Reconnoitering Scotts brewing co .
19 Feb 2014
Last month my wife Katie and I flew from Auckland to Queenstown and then headed up to Oamaru to meet with the team at Scotts Brewing co. We had been in contact late 2013 and I liked what I was hearing with regard to their operation, the next logical step was to head on down and meet face to face…. More or less to make sure that they weren’t wierdos. Like any business relationship the most important thing is that you can all get on, and that you’re all on the same page and heading in roughly the same direction.
So why Scotts? There must be a bounty of breweries in the north island that are cheaper to get to and even more experienced. The decision for me was quite simple really… Firstly, they were the only brewery I was in contact with that a) replied to my emails b) were hungry for new business.In fact right off the bat I had the impression that they were just as excited about the prospect of taking on a contract brewer as I was excited about brewing. And lastly, the gluten free pale ale I tried before getting in contact was in near perfect condition (and it was a few months old on the shelf). Now Ill admit straight away that I really do prefer my beers with gluten, lots of gluten…. It’s a very different beverage without wheat and not entirely suited to my tastes. However Scotts offerings are decent and the technical story that the beer tells is even better!
With a beer that really doesn’t have the malt complexity and body of its barley counterparts there is absolutely nowhere for faults to hide. What I was looking for when searching for a brewery was perfectly brewed beer, and more importantly, perfectly packaged beer. You’d think this would be an easy task with such a great selection on offer at liquor stores and supermarkets around the country…. But its not. There’s a lot of craft breweries struggling to get their beer packaged free from faults, sometimes as minor as a little oxidation or improper storage, but sometimes unacceptable faults like diacetyl, dms and even bacterial problems. Usually (and especially around Christmas) the problem I’m encountering is beer that just hasn’t had long enough to mature, and was rushed into bottles leaving plenty of diacetyl precursors ready and waiting to ruin the beer after a few days in the bottle. I know it happens because Ive done it myself while homebrewing… At the last NHC I rushed 4 beers out two weeks before the competition, all tasted as though they were set for silvers or even golds straight from the keg, but once in the bottle diacetyl formed, robbing the beer of ALL its positive qualities and getting absolutely hammered by the judges. These are rookie mistakes, which are unacceptable on a commercial level.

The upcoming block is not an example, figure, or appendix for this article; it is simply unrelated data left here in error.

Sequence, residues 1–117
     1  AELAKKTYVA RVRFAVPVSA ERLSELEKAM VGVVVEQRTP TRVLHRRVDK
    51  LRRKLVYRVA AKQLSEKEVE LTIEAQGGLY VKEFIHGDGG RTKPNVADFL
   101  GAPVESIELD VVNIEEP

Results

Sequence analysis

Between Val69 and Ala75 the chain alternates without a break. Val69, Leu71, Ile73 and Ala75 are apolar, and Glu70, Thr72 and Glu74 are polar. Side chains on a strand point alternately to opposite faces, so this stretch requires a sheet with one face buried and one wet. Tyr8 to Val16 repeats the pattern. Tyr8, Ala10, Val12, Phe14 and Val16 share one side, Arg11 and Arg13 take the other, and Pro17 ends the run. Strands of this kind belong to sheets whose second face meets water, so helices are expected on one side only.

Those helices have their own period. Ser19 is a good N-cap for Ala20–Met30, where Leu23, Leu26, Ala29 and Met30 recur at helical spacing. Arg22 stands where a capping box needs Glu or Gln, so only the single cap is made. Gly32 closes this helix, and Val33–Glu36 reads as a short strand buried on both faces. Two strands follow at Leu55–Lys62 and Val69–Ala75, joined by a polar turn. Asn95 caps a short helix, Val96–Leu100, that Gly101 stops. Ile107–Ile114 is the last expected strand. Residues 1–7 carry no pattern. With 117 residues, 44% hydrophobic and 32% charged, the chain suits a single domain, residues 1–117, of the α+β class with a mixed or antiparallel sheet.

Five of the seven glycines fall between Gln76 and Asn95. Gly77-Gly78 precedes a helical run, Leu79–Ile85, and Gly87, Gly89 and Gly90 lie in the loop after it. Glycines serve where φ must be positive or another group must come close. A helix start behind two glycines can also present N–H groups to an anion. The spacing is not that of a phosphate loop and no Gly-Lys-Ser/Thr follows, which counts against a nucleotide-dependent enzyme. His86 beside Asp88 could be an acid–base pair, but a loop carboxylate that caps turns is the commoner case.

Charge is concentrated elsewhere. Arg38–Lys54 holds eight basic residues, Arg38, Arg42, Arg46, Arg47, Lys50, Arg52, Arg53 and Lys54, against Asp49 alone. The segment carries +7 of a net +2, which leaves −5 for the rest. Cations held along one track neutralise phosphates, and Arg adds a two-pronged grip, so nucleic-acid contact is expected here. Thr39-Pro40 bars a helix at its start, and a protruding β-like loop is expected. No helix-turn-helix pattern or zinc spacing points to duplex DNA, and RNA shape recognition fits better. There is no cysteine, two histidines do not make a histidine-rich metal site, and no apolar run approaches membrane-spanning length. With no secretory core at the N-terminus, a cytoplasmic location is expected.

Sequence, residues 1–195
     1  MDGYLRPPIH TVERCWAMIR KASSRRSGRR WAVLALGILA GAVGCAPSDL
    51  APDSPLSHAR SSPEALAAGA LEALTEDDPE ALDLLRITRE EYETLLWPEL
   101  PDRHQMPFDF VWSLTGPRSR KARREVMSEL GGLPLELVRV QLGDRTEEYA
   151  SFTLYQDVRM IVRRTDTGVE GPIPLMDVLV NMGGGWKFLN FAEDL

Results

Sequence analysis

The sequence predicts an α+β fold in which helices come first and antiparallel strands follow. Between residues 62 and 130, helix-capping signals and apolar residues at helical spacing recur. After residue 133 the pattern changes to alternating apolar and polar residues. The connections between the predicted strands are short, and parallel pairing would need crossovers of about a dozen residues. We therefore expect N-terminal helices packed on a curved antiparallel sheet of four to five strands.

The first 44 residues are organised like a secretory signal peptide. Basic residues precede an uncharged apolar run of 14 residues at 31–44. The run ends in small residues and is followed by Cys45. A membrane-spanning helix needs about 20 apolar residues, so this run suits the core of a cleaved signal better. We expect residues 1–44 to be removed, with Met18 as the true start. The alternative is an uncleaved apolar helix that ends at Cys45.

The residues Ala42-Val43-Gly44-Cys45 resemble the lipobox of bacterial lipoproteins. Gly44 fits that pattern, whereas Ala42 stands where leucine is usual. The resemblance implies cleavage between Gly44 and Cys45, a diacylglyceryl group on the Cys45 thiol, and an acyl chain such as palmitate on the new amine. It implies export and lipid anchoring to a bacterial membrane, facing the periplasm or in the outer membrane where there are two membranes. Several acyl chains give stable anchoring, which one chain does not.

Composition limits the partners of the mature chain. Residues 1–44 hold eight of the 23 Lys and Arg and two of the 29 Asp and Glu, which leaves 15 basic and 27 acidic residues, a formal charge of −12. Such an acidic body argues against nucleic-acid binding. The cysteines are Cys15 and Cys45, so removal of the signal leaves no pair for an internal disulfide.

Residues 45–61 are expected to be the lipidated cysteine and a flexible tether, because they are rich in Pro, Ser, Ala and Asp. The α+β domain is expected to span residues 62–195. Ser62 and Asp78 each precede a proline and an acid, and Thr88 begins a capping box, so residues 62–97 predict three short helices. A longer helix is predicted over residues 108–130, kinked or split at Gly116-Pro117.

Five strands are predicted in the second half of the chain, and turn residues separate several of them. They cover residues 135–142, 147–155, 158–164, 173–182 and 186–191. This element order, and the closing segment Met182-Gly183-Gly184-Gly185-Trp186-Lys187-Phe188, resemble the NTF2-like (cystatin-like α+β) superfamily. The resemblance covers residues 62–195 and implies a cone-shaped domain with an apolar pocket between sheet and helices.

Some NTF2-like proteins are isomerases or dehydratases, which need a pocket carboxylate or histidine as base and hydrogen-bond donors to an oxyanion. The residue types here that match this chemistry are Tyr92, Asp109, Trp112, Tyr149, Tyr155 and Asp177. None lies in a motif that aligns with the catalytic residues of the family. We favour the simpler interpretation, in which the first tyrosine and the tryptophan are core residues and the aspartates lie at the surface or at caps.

I found none of this in Scotts beer, not even a hint. The hops jumped out of the glass and smelled fresh, fruity and without even the tiniest hint of oxidation… This for me was the clincher. Oxidised hop aromatics completely ruin a beer, and it’s a problem that’s rife with many IPA’s and pale ales on the market. “Whatever Scotts are doing” I thought to myself, “they are doing a damn fine job with the packaging”.
Phillip Scott is about as humble as they come, a quiet sort, with a cheeky grin... You get the impression there were years of chaos and hell raising beneath those country curls…. Im sure parenthood and the realities of running a commercial brewery have tempered some of the debaucherous years… You get the immediate sense that he's proud of what he's built, and like all brewers the world over there's a glint in his eye that screams passion and enthusiasm for the craft!
So that was settled in my mind, I don’t care that they are at the other end of the country, I care about the integrity of my beer and I trust them to see that through to the glass. It also helps that they have near perfect brewing water. My water at home (in Auckland) is great, really soft and Scotts is even cleaner, like starting at zero. They also have a brand spanking new 2400L brewhouse from the same Chinese supplies that provide Premier srtainless with all their kit, its a real piece of work and I can't wait to learn how it works (L plates on the kettle Phil?).
We all just clicked, having very similar values on flavor and balance and after sharing some barley wine (which just picked up a best of show at the Blanc Brew Fest competition in Auckland) with the team they got excited and Jess (the brewer) brings out a two year old bottle of wee heavy that was made by brewmaster Keith Grice in Australia (her last bottle even!) and it rounded off a great morning….
They are brewing impeccable beers at Scotts, packed with flavor and perfectly balanced. From the core gluten free range through to the protein heavy weights, pale ales, porters, experimental Belgians with pineapple and lime, even a lamington beer! I felt like I could sit and talk fermentation and process with them for hours and hours and that’s the kind of relationship I was hoping I might find down there on the east coast of New Zealand, un pretentious, and not forced, with a mad passion for perfect beer.